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190.   Impulse.—It was stated at the beginning of Chapter VIII that when a force acts upon a body two entirely different mechanical results are produced which are called work and impulse.   The former is the result of the action of force in space.   The latter is the result of the action of force in time.    We have already discussed work.   Impulse is the subject of the present chapter.
191.   Measure of Impulse. — If a force which is constant both in direction and magnitude acts upon a particle the impulse which it imparts to the particle equals the product of the force by the time during which it acts.    Since time is a scalar while force is a vector, impulse is a vector which has the same direction as the force.    If L denotes the impulse which a constant force F imparts in the interval of time t, we can write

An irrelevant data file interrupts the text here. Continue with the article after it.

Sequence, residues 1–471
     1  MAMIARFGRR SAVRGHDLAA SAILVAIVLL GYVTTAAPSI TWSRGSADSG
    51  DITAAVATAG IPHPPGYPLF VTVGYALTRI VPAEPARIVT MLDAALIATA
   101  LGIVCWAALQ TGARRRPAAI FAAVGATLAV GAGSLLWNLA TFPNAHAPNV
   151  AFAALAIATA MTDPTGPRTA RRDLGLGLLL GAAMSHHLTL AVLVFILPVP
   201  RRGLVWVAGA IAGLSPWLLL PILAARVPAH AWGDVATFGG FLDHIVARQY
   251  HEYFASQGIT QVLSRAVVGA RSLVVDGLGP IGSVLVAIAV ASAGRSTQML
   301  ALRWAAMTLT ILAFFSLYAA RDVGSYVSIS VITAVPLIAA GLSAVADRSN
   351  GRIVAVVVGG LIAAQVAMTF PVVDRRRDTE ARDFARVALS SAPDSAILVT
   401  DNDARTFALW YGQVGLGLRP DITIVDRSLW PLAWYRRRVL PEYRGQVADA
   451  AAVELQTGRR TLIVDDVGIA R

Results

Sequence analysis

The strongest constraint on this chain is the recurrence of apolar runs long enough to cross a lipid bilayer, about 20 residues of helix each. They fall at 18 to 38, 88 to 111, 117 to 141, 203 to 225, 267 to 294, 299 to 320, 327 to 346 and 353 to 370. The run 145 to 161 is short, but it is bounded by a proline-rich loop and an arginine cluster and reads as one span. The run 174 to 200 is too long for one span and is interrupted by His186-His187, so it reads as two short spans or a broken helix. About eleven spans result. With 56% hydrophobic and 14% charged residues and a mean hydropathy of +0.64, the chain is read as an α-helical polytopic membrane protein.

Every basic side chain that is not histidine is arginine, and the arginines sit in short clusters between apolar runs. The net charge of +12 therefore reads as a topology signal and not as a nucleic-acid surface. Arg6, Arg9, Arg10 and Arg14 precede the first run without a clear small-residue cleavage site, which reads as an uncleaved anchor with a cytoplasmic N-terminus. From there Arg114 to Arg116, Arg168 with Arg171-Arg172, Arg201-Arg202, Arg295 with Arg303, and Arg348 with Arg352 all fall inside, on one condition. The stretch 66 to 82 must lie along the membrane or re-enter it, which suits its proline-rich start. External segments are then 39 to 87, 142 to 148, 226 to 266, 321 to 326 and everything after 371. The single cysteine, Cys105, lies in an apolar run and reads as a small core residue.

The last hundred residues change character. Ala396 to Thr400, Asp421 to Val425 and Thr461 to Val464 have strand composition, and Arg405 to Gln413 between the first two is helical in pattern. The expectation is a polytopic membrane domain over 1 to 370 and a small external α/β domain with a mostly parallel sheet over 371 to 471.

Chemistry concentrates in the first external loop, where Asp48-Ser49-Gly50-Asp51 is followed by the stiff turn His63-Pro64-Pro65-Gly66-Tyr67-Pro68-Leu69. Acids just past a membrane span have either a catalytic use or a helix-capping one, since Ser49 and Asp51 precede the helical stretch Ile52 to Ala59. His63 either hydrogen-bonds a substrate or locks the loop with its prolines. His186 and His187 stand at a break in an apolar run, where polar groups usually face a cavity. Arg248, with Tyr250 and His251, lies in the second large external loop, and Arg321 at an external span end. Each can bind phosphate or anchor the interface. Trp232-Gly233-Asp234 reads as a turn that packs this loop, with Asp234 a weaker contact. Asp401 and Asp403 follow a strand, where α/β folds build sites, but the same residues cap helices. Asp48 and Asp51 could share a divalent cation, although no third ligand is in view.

L=F-t                                   (10
When the force is variable in magnitude or in direction, or in both, we must consider the impulses imparted in infinitesimal intervals of time and add them up. Thus
dl= Fdt
and                               L= CTdt.                                  (I)
Substituting in the last equation mv for F we have
L = / mv dt
= m I  dv,
= mv — rav0,                                (II)